I have never paid much attention to the saints, but that all changed one summer about 10 years ago. It was the summer that my oldest daughter was going off to college for the first time. Her move-in day was scheduled for Aug. 27. It should have been an exciting and fun day for all of us, except for one thing: My son was to appear in juvenile court that same morning due to his impulsive adolescent behavior.
The court date was originally scheduled for an earlier day, but was moved to Aug. 27. I tried to reschedule again, but was not able to. I thought, how am I going to handle all of this in one day? I wanted this to be a memorable and fun day for my daughter, but with the court date in the morning, she was on her own for most of the day.
That morning, the tension in our home was so high, tempers were flaring and none of us was handling the stress very well. I was angry with my whole family and was very concerned and worried about what might happen in court. On a whim, I decided to go to Mass that morning. I thought to myself that I had to find some peace before I could face this day.
The presiding priest was not our parish priest but a visiting Franciscan priest. He began the Mass by stating, “Today is the feast day of St. Monica. She is the patron saint for mothers with wayward children.” Immediately I began to cry (and continued through most of the Mass).
Some days God speaks softly to us, and at other times he needs to hit us over the head to pay attention. This was one of those days that he was hitting me over the head! The priest continued, “Let’s pray for all those mothers who are struggling with their children.” Throughout the rest of the Mass, he referred to and called upon St. Monica. After Communion, I offered up a quiet prayer for my son. I asked God to soften the heart of the prosecuting attorney. I asked that [God] give my son what he deserved as punishment, nothing more, and nothing less. I left Mass that morning with a surprisingly calm and peaceful heart. I literally gave all my anxiety up to God. I thought the outcome of this day is up to him; there is nothing more I could do.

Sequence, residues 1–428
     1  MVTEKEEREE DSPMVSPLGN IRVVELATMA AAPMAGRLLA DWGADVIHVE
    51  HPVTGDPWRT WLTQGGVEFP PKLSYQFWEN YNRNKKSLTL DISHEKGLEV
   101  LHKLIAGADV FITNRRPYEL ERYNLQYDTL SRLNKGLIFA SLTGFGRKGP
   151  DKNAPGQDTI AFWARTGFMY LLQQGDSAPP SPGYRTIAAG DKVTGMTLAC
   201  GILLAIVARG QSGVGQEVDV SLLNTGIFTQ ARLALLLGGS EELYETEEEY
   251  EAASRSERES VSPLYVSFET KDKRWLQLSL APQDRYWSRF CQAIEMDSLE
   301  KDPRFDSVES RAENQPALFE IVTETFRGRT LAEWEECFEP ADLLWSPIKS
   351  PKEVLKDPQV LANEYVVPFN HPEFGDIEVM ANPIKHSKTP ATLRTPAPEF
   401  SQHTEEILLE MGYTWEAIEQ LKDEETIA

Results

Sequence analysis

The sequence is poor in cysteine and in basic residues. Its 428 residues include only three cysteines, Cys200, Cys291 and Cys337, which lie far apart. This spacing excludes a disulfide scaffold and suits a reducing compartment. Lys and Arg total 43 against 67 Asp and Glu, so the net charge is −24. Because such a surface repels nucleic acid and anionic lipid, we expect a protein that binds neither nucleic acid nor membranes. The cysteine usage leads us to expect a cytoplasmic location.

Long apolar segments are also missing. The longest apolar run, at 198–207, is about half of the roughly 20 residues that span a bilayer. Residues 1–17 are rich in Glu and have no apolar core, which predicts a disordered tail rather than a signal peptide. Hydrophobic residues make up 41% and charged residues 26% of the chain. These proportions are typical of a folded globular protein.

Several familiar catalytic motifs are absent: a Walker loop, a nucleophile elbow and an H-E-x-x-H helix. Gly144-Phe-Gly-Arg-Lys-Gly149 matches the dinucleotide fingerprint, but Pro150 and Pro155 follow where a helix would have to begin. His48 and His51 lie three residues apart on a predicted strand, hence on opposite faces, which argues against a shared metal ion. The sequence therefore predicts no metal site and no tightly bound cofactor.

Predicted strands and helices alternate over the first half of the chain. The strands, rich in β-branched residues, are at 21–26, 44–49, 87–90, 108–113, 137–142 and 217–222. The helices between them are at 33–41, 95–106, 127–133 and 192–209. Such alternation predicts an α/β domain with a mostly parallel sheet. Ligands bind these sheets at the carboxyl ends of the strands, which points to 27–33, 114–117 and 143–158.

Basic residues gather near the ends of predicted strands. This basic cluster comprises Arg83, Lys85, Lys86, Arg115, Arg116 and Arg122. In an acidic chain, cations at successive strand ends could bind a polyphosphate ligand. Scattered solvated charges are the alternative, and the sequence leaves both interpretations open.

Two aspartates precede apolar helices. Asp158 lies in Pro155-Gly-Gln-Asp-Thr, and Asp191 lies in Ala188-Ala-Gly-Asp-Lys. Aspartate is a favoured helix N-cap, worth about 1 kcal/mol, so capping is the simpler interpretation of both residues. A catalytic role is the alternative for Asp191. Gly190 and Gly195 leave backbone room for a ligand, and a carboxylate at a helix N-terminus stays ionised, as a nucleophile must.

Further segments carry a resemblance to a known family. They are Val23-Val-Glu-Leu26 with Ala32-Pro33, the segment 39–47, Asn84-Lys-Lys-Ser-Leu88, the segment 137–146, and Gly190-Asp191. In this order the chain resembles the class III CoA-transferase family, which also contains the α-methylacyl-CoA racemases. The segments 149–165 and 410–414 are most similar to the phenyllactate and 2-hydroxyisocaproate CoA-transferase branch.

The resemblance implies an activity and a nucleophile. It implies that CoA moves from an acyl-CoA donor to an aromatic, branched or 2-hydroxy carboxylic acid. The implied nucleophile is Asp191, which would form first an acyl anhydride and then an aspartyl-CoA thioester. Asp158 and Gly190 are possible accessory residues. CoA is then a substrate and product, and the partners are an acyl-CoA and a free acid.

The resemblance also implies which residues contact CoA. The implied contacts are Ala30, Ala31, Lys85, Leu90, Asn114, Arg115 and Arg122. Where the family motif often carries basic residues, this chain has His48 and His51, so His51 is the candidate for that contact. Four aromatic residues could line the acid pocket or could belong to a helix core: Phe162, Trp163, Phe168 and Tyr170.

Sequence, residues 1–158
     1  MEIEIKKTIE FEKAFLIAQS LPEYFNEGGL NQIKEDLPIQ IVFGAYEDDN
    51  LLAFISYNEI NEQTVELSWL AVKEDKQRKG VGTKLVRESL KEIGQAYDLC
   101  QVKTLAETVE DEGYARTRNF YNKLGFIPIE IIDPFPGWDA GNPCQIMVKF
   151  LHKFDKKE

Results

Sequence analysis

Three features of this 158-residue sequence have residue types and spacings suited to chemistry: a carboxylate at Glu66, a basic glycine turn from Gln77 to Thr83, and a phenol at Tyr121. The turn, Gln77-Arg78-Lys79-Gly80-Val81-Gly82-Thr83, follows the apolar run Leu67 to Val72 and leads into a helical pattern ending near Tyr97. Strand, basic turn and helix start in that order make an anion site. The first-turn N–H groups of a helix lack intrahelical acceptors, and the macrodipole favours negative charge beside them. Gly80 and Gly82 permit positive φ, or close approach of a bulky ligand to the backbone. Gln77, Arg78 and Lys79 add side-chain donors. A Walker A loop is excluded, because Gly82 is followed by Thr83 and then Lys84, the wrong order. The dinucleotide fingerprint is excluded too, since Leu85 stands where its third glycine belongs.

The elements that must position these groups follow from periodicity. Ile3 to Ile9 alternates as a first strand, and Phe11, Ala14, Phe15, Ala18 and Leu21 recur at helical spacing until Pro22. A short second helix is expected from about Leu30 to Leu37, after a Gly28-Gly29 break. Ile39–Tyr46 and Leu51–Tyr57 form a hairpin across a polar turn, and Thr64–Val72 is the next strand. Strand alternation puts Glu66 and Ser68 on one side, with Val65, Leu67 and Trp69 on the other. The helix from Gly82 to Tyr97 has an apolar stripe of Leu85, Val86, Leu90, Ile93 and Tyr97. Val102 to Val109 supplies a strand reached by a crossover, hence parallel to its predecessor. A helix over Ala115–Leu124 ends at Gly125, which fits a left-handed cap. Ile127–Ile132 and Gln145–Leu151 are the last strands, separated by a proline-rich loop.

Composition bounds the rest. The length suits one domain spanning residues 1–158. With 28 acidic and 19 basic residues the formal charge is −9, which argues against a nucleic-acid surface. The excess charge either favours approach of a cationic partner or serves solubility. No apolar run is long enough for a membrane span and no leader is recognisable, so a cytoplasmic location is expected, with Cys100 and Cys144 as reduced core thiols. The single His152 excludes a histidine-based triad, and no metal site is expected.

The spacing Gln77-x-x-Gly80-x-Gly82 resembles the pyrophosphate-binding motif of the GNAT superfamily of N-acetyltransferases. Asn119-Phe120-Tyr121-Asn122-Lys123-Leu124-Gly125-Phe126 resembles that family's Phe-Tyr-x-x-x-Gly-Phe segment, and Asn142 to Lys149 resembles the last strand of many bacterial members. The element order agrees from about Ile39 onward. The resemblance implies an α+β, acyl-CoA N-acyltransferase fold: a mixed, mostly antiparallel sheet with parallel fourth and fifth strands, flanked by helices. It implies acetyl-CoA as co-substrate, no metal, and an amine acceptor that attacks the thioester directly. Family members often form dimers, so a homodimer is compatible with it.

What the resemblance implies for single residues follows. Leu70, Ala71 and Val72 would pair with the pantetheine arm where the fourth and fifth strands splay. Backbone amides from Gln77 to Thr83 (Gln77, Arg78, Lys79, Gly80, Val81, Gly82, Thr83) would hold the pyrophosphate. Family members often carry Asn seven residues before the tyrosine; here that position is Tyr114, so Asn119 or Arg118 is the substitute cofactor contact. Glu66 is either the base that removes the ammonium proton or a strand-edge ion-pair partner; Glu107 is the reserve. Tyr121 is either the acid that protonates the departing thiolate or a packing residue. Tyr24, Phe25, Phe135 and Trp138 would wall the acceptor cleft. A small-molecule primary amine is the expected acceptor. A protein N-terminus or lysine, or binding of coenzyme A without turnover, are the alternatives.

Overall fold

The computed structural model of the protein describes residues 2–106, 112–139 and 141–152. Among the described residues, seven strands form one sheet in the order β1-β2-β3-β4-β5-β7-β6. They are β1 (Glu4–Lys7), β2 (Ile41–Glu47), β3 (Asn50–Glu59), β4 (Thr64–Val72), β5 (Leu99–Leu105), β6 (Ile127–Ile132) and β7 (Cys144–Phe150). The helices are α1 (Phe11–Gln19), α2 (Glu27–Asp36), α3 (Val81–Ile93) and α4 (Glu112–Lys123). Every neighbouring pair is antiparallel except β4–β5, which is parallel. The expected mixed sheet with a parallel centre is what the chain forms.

At court that morning, the lawyer met with us first to explain what the judge was going to say. He started out saying the first charge is dropped, followed by the second charge is suspended. In return, he was given community service and to pay back his debt. As our lawyer was reading this to us, I started to cry again realizing that my prayers were being answered right there in front of me! As he continued to read he interjected, “And if Helen keeps crying I will start to cry. too!”
That afternoon as my husband and I were driving to college to help our daughter unpack and get her dorm room set up, I was marvelling at how this day had turned out. I remember sitting in the car, sunglasses on, and with tears streaming down my face. Tears of overwhelming gratitude and basking in the warmth and knowledge that God is great.
Months later, I found out that the prosecuting attorney was ready to give my son the maximum punishment, but after talking with our lawyer, he changed his mind. This exchange took place after I attended Mass that morning.
To this day, I try to attend Mass on Aug. 27 in honor of St. Monica. I will never forget the intercessions of St. Monica!
Helen (last name withheld)
Category: All Saints